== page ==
Glossary term

Generative Adversarial Networks

What is a Generative Adversarial Network?

Generative adversarial networks (GANs) are deep learning-based generative models designed like a human brain — called neural networks. These neural networks are designed to identify and learn patterns or regularities in a dataset, which can be used to create new results that are nearly impossible to distinguish from the original dataset. This is a neural network with an imagination.

GANs make use of two sub-models which include a generator that creates new data instances and a discriminator that analyzes instances for legitimacy. 

Think of it like a counterfeiter (generator) and a detective (discriminator) both trying to outsmart the other. The more the counterfeiter passes fake dollar bills, the smarter the detective becomes at identifying them. The counterfeiter needs to get better at making fakes, and the detective needs to learn the new tricks being employed in the counterfeits. 

GANs work by being fed training data, then, the “adversarial” part kicks in as the generator and discriminator learn from each other. The aim of these models is for the discriminator to differentiate between false and authentic data. Both data types work together to train the model that’s being used to evaluate and make decisions based on complex data like audio, video, or image files.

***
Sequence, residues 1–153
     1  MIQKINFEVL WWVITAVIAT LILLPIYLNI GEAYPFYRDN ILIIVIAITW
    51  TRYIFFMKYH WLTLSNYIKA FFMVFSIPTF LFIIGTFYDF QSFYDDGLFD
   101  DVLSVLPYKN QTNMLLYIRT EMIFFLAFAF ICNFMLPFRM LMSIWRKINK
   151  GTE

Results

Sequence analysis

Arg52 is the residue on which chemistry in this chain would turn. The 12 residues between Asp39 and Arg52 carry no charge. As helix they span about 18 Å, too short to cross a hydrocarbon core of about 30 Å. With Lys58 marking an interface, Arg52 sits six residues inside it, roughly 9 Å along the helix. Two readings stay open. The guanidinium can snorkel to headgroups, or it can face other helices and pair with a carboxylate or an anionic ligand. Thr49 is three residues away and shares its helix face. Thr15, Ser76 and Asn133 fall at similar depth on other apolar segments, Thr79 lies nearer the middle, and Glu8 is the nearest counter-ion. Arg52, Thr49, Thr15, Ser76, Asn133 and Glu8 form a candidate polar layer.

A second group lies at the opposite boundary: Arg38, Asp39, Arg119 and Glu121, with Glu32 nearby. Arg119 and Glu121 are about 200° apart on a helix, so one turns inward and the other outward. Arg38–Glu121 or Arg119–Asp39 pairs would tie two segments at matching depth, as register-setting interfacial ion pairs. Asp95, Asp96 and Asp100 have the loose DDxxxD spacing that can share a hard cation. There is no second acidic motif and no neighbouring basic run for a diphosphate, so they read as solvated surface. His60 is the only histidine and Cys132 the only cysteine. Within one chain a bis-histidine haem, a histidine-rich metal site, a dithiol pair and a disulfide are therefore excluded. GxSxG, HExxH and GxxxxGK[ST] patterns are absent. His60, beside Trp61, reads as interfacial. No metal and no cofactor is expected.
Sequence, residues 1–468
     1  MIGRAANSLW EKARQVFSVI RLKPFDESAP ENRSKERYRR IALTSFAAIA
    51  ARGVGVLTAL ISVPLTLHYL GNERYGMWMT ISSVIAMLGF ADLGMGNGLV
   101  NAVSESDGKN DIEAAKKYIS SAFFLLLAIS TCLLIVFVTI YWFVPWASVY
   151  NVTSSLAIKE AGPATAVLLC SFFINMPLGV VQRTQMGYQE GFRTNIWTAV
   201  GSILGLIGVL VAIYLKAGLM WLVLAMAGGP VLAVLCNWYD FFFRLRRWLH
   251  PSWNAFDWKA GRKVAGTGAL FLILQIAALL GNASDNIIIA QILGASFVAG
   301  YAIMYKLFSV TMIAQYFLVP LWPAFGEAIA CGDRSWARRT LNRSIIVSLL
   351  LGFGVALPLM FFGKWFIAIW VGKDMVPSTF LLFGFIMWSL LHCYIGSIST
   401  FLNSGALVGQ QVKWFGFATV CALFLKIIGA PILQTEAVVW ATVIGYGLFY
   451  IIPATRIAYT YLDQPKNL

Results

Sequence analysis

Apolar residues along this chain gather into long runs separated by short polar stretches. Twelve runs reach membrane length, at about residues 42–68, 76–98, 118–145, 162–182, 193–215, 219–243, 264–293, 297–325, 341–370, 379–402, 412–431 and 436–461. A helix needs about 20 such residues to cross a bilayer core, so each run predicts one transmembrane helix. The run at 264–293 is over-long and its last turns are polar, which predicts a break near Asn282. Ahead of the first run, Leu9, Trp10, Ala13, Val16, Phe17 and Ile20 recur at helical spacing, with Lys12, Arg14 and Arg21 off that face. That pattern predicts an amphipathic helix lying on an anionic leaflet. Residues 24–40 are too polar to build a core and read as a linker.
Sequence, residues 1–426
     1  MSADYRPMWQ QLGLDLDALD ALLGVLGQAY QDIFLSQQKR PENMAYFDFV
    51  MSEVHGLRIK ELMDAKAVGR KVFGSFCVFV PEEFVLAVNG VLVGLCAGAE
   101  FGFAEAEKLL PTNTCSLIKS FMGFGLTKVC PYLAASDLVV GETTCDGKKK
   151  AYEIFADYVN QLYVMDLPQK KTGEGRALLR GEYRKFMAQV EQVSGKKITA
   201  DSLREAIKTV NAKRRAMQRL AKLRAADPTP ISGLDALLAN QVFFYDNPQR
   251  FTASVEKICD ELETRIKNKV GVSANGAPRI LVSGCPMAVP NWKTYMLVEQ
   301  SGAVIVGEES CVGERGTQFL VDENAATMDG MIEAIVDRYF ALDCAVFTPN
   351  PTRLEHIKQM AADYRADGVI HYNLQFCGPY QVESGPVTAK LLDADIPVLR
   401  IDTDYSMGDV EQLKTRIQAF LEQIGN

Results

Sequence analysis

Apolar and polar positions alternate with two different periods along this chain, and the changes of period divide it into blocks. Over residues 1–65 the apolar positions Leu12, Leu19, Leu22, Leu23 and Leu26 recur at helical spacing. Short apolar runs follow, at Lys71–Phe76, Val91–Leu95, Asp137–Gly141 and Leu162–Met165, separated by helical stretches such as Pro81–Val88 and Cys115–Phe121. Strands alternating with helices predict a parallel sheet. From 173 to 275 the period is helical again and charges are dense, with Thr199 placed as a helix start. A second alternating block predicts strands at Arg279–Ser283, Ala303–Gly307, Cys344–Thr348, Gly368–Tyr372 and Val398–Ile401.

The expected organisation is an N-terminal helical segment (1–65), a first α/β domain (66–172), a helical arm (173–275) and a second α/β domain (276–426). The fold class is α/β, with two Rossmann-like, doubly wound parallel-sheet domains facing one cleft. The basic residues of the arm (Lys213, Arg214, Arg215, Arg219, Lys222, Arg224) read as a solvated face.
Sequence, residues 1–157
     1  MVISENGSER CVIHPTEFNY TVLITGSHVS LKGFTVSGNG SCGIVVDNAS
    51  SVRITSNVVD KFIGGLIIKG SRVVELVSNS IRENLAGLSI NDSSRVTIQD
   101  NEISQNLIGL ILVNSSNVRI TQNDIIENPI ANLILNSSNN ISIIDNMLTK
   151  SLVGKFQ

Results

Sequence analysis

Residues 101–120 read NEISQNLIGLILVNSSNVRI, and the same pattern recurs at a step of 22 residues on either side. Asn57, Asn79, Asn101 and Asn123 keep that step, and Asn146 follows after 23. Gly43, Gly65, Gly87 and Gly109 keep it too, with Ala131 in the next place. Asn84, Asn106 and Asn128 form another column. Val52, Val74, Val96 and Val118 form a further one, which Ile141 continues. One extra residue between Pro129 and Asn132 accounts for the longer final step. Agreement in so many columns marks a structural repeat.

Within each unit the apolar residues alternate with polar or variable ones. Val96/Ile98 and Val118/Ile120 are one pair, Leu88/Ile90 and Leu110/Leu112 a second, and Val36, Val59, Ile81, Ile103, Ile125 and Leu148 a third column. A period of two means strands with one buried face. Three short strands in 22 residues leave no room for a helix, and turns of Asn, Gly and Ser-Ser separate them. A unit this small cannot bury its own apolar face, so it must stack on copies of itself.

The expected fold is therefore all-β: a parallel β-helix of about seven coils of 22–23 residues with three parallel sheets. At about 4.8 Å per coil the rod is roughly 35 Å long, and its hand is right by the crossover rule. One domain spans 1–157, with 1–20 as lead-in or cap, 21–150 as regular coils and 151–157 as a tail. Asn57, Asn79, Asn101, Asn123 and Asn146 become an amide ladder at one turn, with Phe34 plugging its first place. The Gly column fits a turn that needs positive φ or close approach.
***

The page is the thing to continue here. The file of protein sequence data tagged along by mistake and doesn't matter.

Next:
The Origin of GANs

The Generative Adversarial Network concept was born from an argument at a bar between Ian Goodfellow of the University of Montreal and his friends. In a special Quora discussion about GANs, Facebook’s AI research director Yann LeCun termed adversarial training “the most interesting topic in the last 10 years in machine learning.”

Benefits of a Generative Adversarial Network

Potential Problems With the GAN Model

While there are a considerable amount of benefits, a GAN can suffer from major problems, including:  

What Sets GANs Apart?

Despite potential roadblocks, there are still many factors that make GANs a compelling model. Various machine learning models are highly effective in taking away a lot of the human element and costs of crunching, processing, and deciphering data. What makes a GAN different is its efficiency. For instance, even if your training data is insufficient, a GAN can learn from your existing dataset and create realistic, albeit fake, images that can greatly augment your dataset.

It also finds errors and anomalies humans can’t. By design, it’s an unsupervised learning process, but it can be used in reinforcement, semi-supervised, and multi-modal learning. 

Creator Ian Goodfellow explained it this way as he talked about data being a big bottleneck for progress:

“For example, if we want to use neural networks for medicine, we might need to get access to lots and lots of patient records before we can build an accurate model. But if we could use something like GANs to reduce the number of records that we need, then we would only need to get a few patient records, then we can have the whole system up and running much faster without needing to accumulate nearly as many records.”

Popular Use: Generative Adversarial Network in Visuals

Because of their capacity to interpret and replicate visual material with increasing precision, GANs are becoming a preferred ML model for multiple use cases: